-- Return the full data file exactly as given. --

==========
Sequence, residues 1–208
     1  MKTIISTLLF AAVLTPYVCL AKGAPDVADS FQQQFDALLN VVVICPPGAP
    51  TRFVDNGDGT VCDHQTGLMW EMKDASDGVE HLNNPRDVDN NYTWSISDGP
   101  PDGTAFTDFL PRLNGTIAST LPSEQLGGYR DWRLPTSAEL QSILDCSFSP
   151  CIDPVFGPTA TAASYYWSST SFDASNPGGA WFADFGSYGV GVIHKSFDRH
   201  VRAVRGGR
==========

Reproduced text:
Sequence, residues 1–208
     1  MKTIISTLLF AAVLTPYVCL AKGAPDVADS FQQQFDALLN VVVICPPGAP
    51  TRFVDNGDGT VCDHQTGLMW EMKDASDGVE HLNNPRDVDN NYTWSISDGP
   101  PDGTAFTDFL PRLNGTIAST LPSEQLGGYR DWRLPTSAEL QSILDCSFSP
   151  CIDPVFGPTA TAASYYWSST SFDASNPGGA WFADFGSYGV GVIHKSFDRH
   201  VRAVRGGR